One-Pot Wonders

Masaledar Sem (Spicy Green Beans)

August 18, 2014
1 Ratings
Photo by Alexandra Stafford
  • Prep time 10 minutes
  • Cook time 20 minutes
  • Serves 6
Author Notes

If you've ever wanted to try making Indian food at home, this is a great introductory recipe. It's relatively simple to throw together, and you won't have to vastly expand your spice collection to get it on the table. Whole cumin seeds, ground coriander, and some sort of dried chile or crushed red pepper flakes are the only pantry spices you need. It is important to have all of your ingredients prepped before you start cooking this dish because it comes together in no time once the first spices hit the hot oil. Feel free to scale back the oil, spices, and salt if you are working with less than 1 1/2 pounds of green beans. And finally, while the ground, roasted cumin seeds add another dimension of flavor, if you leave them out, the dish won't suffer. Here's how you make them: toast a teaspoon (or however much you would like to make) of whole cumin seeds in a small skillet over medium heat. Cook until the cumin seeds have turned a few shades darker and are smelling fragrant. Grind in spice grinder or mortar and pestle.

I love serving this with basmati rice, cooked in equal parts coconut milk and water, warm naan, and a dollop of plain yogurt. This recipe comes from Madhur Jaffrey's Indian Cooking. —Alexandra Stafford

What You'll Need
  • 1 1/2 pounds (750 grams) fresh green beans
  • 1 piece fresh ginger 1 1/2 inches (4 centimeters) long and 1 inch (2 1/2 centimeters) thick, peeled and coarsely chopped
  • 10 cloves garlic, peeled
  • 1 1/2 cups (350 milliliters) water, divided
  • 5 tablespoons olive oil
  • 2 teaspoons cumin seeds
  • 1 dried hot chile, lightly crushed in a mortar or a pinch of crushed red pepper flakes
  • 2 teaspoons ground coriander
  • 2 medium tomatoes, peeled (optional) and finely chopped
  • 1 1/4 teaspoons kosher salt (or more or less to taste)
  • 1 lemon, halved
  • 1 teaspoon ground, roasted cumin (see note above)
  • Freshly cracked black pepper
  1. Trim the beans and cut them crosswise into 1/2-inch (10-millimeter) lengths. Put the ginger and garlic into the container of an electric blender or food processor. Add 1/2 cup (120 milliliters) of water and blend until fairly smooth.
  2. Put the oil in a wide, heavy pot over medium heat. When hot, put in the cumin seeds. Five seconds later, put in the crushed chile or crushed red pepper flakes. As soon as it darkens, pour in the ginger-garlic paste. Stir and cook for about a minute. Put in the coriander. Stir a few times. Add the chopped tomatoes. Stir and cook for about 2 minutes, mashing up the tomato pieces with the back of a slotted spoon as you do.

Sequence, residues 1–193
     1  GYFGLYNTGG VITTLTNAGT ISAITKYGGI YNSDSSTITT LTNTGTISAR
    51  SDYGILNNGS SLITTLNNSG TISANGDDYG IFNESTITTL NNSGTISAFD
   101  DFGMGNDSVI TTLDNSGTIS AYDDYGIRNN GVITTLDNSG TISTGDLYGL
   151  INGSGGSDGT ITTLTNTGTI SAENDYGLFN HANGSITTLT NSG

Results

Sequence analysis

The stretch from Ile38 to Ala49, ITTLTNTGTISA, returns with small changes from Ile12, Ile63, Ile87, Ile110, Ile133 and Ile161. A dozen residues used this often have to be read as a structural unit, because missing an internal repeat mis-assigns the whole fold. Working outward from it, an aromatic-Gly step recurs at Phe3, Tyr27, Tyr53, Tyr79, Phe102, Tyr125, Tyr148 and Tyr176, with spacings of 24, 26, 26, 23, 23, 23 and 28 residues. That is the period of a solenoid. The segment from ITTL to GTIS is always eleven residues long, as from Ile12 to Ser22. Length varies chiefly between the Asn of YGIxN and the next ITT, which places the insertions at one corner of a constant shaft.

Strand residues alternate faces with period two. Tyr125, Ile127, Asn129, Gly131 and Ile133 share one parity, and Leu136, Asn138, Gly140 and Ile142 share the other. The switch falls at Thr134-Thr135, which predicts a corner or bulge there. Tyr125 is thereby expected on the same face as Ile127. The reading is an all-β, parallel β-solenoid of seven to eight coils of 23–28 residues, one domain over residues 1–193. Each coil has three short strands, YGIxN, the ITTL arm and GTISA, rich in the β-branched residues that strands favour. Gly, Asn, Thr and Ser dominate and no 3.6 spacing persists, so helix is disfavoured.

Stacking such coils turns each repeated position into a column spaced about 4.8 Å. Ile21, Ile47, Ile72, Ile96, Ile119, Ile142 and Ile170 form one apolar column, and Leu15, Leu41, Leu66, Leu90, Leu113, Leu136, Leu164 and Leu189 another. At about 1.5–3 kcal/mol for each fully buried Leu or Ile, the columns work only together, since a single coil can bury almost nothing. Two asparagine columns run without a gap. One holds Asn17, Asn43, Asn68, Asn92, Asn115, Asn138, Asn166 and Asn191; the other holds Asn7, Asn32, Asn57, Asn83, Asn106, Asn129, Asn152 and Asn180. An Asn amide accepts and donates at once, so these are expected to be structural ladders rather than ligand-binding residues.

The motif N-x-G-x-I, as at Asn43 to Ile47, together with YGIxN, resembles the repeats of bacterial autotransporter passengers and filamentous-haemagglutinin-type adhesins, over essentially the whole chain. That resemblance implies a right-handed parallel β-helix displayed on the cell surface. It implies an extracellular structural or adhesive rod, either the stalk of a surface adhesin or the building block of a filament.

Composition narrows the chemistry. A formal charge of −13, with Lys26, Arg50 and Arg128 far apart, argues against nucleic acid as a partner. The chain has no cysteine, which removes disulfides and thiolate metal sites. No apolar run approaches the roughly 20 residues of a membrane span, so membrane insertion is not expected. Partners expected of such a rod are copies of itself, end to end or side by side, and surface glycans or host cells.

3. Put in the beans, salt (maybe not all of it to start), and the remaining water. Bring to a simmer. Cover, turn heat to low, and cook for 8 to 10 minutes or until the beans are tender. Remove the cover and add the juice of half a lemon, the ground roasted cumin seeds (if using), and a generous amount of freshly ground black pepper.
  4. Taste and adjust with more lemon, salt, or pepper as necessary.

See what other Food52ers are saying.

  • Lisa Valentine
    Lisa Valentine
  • Petite fee
    Petite fee
  • Lynn
  • Alexandra Stafford
    Alexandra Stafford
I write the blog alexandra's kitchen, a place for mostly simple, sometimes fussy, and always seasonal recipes. My cookbook, Bread Toast Crumbs is available everywhere books are sold.

11 Reviews

Alison September 22, 2018
A bit disappointed. After all the effort (as with most Indian dishes), I was hoping for something much more flavorful.... something that would "WOW" me. It's not bad, but I will not make again.
Benjamin Z. March 28, 2018
I’ve made this recipe several times. I find that it can be beneficial to reduce the overall amount of water. Using a serrano in lieu of the ground chile can be nice. Finally, I discovered tonight that I only had one pound of green beans, so I subbed in about half a pound of red bell pepper and some mild, long yellow pepper and it may have been the best instance of the dish I’ve tried so far.
Alexandra S. March 28, 2018
ooh yum ... it all sounds so good. I'll give these changes a try next time I make it. Thanks!
Lisa V. September 28, 2014
Is this suitable to freeze? (I have a glut of green beans, and this looks like a good option to use them up)
Petite F. September 8, 2014
WOW! amazing flavor!! I think to make it a bit more substantially vegetarian, I will try tofu or chickpeas topped with cilantro.
thanks 4 sharing!!

Carrie August 16, 2015
I added lentils to mine - bulked up the dish nicely so it felt like a substantial main over the coconut rice. Yum!
Lynn August 28, 2014
Of all my (dozens of!) cookery books, the Madhur Jaffrey book this recipe comes from is the most used, most stained, most loved. Every dish I've made from it has been delicious, and this is one of our favourites. Totally DELICIOUS!
Diane August 26, 2014
Absolutely scrumptious and addictive. I kept eating it long after my stomach said STOP, which is exactly the criteria for a recipe to land in my permanent collection. I'm curious to try other veggies too - maybe asparagus, or even brussels sprouts. I was worried it wouldn't be substantial enough for a vegetarian meal, but the addition of the coconut basmati more than made up for the lightness. Real delightful - thank you, Alexandra for sharing it!
Alexandra S. August 26, 2014
So happy to hear this, Diane! I think a number of vegetables would take nicely to this preparation — maybe even some dark, leafy greens? And I totally agree that the coconut basmati definitely adds a richness that makes the meal feel substantial.
Atlanticgull August 24, 2014
This was WONDERFUL!!! Hugely successful and will become a regular. Next time I'll make an attempt at Naan, too. Thanks!!
Alexandra S. August 25, 2014
Yay!! I'm so happy to hear this.